“There is a fatalism in this culture that basically says ... it’s never going to change,” Kendall says of the mindset in Zambian slums. “They’re told, ‘You’re a curse; chase your mother to the grave.’ Nobody has the capacity to take care of them.”
Family Legacy Ministries is committed to changing that culture, working with over 50,000 orphans through camps during the past 14 years. That number sounds like a lot, but consider: That is only 5 percent of the nation’s orphan population. The organization began schools four years ago, and that is where the paths of Family Legacy Ministries and Northrise eventually will cross.
“Currently, we have 1,000 grade seven kids that we are educating,” Kendall says. “Five years from now, those grade sevens will be some of the best-educated graduating seniors in Zambia. I need a university for them to go to, and I’d prefer it to be a Christian university. I’d prefer it to be Northrise.”
Another person who has seen Zambia’s plight is Wes Yeary, director of Baylor’s Sports Ministries. He began taking Baylor student-athletes to Africa six years ago, starting in Kenya. In 2013, they split time between Kenya and Zambia. This summer, they spent the entire two weeks in the latter.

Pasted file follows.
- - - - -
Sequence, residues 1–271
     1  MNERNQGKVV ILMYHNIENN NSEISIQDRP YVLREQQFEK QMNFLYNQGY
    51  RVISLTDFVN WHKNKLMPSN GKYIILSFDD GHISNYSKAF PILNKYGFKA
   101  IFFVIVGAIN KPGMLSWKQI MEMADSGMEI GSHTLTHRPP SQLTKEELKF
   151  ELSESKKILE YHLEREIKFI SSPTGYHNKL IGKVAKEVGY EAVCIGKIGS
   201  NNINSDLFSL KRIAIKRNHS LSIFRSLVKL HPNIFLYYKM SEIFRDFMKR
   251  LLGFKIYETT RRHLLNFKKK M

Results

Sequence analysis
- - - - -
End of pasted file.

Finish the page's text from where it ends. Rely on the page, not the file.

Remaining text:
“In our fifth year there in Kenya, we completed a lot of projects and saw a lot of things grow and become self-sufficient,” Yeary says. “We thought this would be a great opportunity to take this invitation from Northrise and explore possibilities of partnership with Baylor.”
This year, the Sports Ministry team coordinated sports clinics at Northrise, teaching children about Christ through personal testimony and the use of what Yeary calls “Gospel balls.” These multi-colored sports balls include Bible verses, and the colors represent various facets of one’s relationship with Christ.
“As they go through the clinic, those children learn those colors, and they go through the Gospel together and the scriptures that tie with each color,” Yeary says. “We do that every day while we’re there. The green in the colors represents a growing relationship with Christ and that He has called us to walk with Him every day.”
While in Zambia, the Sports Ministry team also spent time in Kabwe and in Lusaka with Family Legacy. The team of 44 student-athletes and a handful of staff members worked with children, sharing the Gospel and loving the unloved.
“No matter where we were or how poor the community, we seemed to always have people who thanked us for coming and caring,” Yeary says. “It’s a fertile ground, very open and receptive.”
Yeary’s team also gave out thousands of pocket-sized Gospels of John, thanks to funding provided by Baylor alumnus Bob Barkley.
“The balls that we leave, the equipment that we’re able to give to them and even some of the uniforms, the building or the painting that we do—all of that fades,” Yeary says. “But to be able to share the Word of God and the hope we have in our relationship with Him, that lasts.”